of strategic management involving utilization of resources would not have been nearly as
prominent in our findings if not for the highly influential works of Wernerfelt (1984) and Barney
(1991) in launching the now well-known resource-based view of the firm.
Fourth, our methodology could be applied to other academic fields, including those in the
administrative sciences. For example, our empirical approach, based on the systematic
measurement and analysis of community members views, could be used to comprehend the
distinctions between industrial/organizational psychology and human resource management,
between economic sociology and organizational theory, and between entrepreneurship and
strategic management. Thus, our study not only sheds new light on the field of strategic
management as a social entity, but also provides an analytic roadmap for conducting such
inquiries in other fields.


Some strategic management scholars have lamented the fields disparate, ambiguous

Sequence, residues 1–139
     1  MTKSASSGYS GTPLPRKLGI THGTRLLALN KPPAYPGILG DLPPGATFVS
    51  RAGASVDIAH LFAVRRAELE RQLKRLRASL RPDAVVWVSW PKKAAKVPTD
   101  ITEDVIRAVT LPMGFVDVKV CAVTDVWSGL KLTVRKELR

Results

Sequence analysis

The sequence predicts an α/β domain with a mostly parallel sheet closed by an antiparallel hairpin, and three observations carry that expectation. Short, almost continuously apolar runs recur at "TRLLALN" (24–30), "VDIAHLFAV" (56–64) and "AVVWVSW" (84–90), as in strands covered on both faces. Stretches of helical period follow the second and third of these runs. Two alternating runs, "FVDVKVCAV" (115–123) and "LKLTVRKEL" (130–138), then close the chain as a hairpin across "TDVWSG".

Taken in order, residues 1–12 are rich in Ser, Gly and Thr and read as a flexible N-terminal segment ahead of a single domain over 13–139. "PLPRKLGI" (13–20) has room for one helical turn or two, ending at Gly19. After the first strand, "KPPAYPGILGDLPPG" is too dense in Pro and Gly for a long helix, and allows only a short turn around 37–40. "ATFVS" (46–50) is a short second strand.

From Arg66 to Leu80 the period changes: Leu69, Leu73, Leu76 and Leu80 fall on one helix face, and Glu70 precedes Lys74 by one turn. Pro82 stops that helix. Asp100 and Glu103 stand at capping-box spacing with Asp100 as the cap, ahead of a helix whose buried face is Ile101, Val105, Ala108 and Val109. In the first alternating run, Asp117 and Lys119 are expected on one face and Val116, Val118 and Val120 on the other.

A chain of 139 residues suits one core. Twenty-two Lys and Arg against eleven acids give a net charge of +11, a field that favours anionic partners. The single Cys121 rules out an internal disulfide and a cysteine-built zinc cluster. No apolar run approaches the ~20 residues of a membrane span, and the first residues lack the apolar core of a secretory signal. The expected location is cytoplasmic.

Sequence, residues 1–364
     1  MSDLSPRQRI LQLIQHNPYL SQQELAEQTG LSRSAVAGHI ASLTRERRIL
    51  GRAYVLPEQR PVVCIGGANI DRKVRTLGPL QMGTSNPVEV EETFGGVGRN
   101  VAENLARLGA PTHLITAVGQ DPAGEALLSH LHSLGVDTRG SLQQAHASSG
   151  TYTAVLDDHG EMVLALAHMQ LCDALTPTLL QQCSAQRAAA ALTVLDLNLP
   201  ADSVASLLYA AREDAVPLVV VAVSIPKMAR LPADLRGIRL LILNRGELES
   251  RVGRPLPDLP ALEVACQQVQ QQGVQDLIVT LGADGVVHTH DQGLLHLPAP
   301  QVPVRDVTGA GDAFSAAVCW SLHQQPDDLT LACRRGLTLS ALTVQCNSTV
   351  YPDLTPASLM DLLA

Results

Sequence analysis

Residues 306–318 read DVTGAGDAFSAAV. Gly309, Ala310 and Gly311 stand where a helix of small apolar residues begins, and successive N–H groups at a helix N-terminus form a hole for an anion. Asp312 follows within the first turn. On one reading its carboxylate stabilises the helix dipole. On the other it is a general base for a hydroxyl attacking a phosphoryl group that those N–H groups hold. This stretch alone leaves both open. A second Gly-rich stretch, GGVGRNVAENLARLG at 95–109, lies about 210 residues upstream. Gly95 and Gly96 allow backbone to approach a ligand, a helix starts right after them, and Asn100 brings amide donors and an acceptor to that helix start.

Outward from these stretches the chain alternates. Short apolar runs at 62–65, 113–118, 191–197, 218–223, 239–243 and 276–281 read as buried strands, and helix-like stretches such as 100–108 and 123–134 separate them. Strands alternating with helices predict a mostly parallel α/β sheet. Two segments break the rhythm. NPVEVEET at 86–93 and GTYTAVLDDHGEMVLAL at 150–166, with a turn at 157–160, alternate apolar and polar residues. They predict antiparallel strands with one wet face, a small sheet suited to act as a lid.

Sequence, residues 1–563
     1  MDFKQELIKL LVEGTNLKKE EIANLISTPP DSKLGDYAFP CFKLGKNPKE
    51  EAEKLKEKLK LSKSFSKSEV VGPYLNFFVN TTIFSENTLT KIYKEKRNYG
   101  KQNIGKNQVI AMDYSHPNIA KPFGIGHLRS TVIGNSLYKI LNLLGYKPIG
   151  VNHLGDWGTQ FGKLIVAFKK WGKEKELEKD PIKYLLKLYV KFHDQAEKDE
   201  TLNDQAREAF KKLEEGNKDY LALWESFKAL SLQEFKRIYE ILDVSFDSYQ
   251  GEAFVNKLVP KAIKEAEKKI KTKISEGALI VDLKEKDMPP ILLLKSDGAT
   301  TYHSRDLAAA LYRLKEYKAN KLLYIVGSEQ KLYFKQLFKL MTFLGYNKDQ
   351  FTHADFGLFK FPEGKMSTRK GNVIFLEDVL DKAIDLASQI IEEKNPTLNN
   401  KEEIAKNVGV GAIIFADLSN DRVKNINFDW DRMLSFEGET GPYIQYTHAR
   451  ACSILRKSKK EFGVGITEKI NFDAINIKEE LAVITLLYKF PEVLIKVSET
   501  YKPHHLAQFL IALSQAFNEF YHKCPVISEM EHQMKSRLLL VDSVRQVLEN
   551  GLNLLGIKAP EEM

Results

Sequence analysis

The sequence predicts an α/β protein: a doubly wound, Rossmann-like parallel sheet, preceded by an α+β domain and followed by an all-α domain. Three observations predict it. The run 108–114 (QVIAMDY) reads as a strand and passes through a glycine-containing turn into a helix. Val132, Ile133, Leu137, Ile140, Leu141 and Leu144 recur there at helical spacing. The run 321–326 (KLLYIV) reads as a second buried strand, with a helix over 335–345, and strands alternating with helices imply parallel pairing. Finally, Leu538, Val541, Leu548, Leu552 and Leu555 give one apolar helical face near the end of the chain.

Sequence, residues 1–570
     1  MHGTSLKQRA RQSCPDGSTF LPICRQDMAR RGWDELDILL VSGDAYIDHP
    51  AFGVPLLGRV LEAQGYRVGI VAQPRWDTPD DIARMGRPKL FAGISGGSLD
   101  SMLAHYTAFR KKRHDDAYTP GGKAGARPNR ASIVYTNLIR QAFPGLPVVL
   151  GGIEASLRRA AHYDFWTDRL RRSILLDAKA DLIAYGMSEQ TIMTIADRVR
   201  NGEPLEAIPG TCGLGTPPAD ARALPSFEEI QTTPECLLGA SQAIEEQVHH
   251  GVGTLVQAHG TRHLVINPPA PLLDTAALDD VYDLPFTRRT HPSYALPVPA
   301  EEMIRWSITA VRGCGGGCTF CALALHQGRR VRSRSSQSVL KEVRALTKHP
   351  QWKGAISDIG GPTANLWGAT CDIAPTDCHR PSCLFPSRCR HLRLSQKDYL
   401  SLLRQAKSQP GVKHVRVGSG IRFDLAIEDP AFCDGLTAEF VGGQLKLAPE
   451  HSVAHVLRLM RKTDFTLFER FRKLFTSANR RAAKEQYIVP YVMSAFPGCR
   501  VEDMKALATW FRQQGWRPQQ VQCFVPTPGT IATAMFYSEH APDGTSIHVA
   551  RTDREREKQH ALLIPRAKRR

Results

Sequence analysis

nature. But how can such concerns be reconciled with the substantial success that strategic
management has experienced over the past quarter-century or so? Strategic managements
apparent weakness seems to be its strength. Its amorphous boundaries and inherent pluralism act
as a common ground for scholars to thrive as a community, without being constrained by a
dominant theoretical or methodological straightjacket. Our study suggests that strategic
management acts as an intellectual brokering entity, which thrives by enabling the simultaneous
pursuit of multiple research orientations by members who hail from a wide variety of
disciplinary and philosophical regimes. At the same time, however, these diverse community
members seem to be linked by a fundamental implicit consensus that helps the field to cohere
and maintain its identity. The success of strategic management thus suggests an alternative view
of academic communities as entities that are dynamic and malleable, yet at the same time held
together by a common, underlying, but permeable core.


Appendix A
Selected Definitions of Strategic Management


Learned, Christensen, Andrews, and

Guth (1965)